Parenting a child with severe disabilities isn't a common theme in fiction and is poorly understood in the mainstream. Our culture spares no expense in attempting to prevent the birth of such children—who are viewed as inhuman and tragic—and little on trying to understand and support the experience for parents who find themselves navigating this strange new world.

So perhaps Ausebel's depiction of the interior lives of such parents took on a sacred urgency for me.

Can writers do justice to something they've never experienced? Is it possible to "imagine" the complex feelings that swirl around parents of a child with severe intellectual and physical disabilities? No, I don't believe it is. Some things need to be lived.

Parents of children with severe disabilities are full of ambiguity—they see-saw between joy and grief, contentment and wishing things were different, exhileration with their child's presence and angst with her inability to meet cultural expectations. Their love is messy and intense. But as with any parent-child relationship, the child is the parent's world.

So when the father in Poppyseed refers to his daughter in second reference as "our mute and immobile kin" and "our stunted eight-year-old," it doesn't ring true.

Not because in a dark moment a father might not use this language, but because one would expect his everyday narration to be marked with affection.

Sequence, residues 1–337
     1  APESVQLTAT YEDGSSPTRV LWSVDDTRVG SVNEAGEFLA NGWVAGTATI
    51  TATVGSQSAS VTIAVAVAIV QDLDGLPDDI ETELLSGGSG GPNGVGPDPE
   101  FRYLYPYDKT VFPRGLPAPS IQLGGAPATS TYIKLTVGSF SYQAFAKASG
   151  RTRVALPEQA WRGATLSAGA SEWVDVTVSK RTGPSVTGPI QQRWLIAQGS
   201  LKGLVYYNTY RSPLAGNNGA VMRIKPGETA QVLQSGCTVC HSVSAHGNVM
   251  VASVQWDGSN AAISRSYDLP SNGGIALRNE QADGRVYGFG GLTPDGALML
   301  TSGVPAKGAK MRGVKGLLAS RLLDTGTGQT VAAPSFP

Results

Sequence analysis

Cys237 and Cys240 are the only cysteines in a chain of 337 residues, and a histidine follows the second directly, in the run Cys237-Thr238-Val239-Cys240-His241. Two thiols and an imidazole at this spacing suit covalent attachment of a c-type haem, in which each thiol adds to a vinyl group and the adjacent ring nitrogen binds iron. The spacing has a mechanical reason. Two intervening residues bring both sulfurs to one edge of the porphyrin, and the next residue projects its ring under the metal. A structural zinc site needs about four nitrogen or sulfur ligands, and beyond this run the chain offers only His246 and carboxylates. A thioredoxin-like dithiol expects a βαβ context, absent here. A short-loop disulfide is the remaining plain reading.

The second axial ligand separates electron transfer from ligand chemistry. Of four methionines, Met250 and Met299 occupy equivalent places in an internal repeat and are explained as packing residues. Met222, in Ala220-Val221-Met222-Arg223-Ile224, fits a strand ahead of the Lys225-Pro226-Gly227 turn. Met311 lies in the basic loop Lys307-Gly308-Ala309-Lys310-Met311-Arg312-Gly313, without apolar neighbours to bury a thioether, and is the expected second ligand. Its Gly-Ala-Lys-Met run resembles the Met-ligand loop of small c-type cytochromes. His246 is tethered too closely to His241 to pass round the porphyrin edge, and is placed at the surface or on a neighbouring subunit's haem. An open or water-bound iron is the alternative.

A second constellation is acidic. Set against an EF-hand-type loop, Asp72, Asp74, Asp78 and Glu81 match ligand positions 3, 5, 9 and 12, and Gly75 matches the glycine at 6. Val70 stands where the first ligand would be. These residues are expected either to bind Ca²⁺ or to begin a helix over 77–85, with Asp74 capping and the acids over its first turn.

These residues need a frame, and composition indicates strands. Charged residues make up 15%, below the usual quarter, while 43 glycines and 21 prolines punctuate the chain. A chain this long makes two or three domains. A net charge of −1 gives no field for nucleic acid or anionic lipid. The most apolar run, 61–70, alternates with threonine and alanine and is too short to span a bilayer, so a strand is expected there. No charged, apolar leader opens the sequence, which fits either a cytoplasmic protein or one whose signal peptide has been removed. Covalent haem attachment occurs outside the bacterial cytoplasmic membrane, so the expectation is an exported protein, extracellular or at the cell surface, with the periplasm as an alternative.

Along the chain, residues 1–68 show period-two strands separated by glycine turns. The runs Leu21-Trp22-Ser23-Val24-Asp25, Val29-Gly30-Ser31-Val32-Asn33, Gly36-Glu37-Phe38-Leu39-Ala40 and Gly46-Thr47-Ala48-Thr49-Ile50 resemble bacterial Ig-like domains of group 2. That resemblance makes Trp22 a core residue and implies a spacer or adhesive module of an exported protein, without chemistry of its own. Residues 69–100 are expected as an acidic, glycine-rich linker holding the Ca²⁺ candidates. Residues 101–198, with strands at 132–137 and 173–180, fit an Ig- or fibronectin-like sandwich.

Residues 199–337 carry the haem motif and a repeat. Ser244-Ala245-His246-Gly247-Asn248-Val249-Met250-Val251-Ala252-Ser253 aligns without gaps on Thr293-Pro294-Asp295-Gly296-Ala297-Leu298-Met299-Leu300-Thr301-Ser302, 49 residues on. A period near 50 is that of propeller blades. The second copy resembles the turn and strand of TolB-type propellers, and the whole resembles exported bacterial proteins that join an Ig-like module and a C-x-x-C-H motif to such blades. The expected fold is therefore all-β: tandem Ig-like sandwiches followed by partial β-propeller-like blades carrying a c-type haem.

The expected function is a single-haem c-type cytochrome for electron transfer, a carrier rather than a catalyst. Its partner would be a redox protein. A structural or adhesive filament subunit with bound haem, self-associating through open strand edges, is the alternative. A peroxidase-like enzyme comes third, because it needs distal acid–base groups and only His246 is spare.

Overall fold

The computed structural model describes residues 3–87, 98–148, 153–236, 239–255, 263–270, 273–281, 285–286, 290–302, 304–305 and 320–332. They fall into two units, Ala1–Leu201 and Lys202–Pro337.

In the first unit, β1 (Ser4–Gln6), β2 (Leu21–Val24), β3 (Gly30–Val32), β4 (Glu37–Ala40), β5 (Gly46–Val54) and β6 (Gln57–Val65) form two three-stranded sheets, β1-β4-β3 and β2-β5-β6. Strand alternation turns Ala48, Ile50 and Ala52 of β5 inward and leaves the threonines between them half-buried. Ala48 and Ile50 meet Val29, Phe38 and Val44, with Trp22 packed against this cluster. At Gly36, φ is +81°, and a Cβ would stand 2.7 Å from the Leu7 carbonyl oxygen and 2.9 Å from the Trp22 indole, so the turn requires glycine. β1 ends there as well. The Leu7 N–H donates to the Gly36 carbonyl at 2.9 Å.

Ausebel's story then wades into an ethical minefield when the parents, seemingly on the advice of one doctor (do parents of children with severe disabilities EVER do anything on the advice of one person, medical or otherwise?), choose aggressive medical treatments to keep their daughter forever small, in keeping with the way they view her mind.

Many of you are familiar with this intervention—dubbed The Ashley Treatment—after a nine-year-old girl with severe developmental disabilities at Seattle Children's Hospital was given high estrogen doses to hasten closure of her bones' growth plates and had her uterus and breast buds surgically removed.

Last year The Guardian reported on the first boy to undergo an equivalent procedure.

I won't describe the parents' bizarre (some would say savage) reaction to the fictional Poppy's surgery (which involves leaving the hospital again, while their daughter is being sewn up).

I was so disappointed when I thought of all of the people who will read this story—most having no connection to someone with severe developmental disabilities.